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      Gordon Murray: Heparin, Hemodialysis and Hubris


      American Journal of Nephrology

      S. Karger AG

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          Gordon Murray (1894–1976), a brilliant and innovative surgeon who spent the majority of his professional career at the University of Toronto, Ont., Canada, is properly credited with having performed the first successful hemodialyses in humans in North America. Neither he nor Kolff, working in the Netherlands, were aware of each other’s work during the middle 1940s when wartime hampered communication. Murray’s extensive investigations and experience in the use of heparin in vascular surgery laid the groundwork for the use of this anticoagulant with the artificial kidney. He first designed a coil dialyzer in which cellophane tubing was wound about a steel frame. His second-generation apparatus was a plate dialyzer. In all, he performed dialysis on 11 patients with presumed acute renal failure, 50% of whom survived. Those who died succumbed to sepsis or irreversible chronic renal failure. Not much has changed in 50 years.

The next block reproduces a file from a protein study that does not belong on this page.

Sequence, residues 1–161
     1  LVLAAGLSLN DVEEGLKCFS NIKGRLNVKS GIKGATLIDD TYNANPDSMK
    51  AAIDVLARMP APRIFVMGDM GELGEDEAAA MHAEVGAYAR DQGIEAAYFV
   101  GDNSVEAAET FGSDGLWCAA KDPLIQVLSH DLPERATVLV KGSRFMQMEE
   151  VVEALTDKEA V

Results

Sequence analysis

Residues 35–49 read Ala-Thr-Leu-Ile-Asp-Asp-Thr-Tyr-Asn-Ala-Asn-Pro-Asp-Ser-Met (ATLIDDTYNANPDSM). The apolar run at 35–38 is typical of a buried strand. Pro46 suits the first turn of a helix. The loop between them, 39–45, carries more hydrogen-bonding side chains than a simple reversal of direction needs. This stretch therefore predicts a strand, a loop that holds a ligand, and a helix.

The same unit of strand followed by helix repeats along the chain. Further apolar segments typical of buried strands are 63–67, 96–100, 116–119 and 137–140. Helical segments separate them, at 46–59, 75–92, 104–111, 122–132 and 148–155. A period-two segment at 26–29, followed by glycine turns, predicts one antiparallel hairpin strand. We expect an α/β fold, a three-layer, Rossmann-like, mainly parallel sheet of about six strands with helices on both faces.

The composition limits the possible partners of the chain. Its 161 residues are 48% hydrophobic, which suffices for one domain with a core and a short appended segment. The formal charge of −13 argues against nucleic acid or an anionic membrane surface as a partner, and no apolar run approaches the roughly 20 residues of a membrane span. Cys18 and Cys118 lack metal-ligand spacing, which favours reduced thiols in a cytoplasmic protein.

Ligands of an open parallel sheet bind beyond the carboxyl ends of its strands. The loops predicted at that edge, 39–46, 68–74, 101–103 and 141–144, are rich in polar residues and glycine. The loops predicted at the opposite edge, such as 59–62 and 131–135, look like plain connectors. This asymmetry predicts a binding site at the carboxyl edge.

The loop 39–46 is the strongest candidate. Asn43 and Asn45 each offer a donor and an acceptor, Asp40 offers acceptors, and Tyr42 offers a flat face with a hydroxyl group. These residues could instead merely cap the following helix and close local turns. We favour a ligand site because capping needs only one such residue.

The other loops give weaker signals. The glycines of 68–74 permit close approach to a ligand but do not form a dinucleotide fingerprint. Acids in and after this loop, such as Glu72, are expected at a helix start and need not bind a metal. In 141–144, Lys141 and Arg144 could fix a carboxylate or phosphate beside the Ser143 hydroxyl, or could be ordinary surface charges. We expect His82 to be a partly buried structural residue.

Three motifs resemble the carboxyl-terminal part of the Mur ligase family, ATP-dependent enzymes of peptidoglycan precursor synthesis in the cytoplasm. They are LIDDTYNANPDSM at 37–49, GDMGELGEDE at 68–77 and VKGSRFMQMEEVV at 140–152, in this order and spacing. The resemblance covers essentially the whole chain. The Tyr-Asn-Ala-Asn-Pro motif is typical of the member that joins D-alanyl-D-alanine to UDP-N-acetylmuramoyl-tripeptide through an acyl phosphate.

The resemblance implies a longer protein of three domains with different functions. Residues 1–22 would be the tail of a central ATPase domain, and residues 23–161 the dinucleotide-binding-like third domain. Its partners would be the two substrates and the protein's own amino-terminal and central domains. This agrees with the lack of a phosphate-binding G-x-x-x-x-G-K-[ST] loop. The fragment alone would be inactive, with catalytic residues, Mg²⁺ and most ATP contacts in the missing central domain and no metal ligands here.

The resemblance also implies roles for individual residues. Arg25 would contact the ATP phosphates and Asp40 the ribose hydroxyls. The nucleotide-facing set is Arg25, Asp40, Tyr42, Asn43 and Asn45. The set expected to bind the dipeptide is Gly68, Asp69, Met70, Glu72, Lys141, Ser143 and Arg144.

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          Presidential address: [ldquo ]Give us the tools...[rdquo ]

           Ronald Baird (1990)

            Author and article information

            Am J Nephrol
            American Journal of Nephrology
            S. Karger AG
            July 2002
            27 June 2002
            : 22
            : 2-3
            : 271-277
            Department of Cell and Molecular Physiology, University of North Carolina at Chapel Hill, N.C., and Becker Medical Library, Washington University School of Medicine, St. Louis, Mo., USA
            63773 Am J Nephrol 2002;22:271–277
            © 2002 S. Karger AG, Basel

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            Page count
            Figures: 5, References: 12, Pages: 7
            Self URI (application/pdf):
            History of Dialysis and Transplantation

            Cardiovascular Medicine, Nephrology


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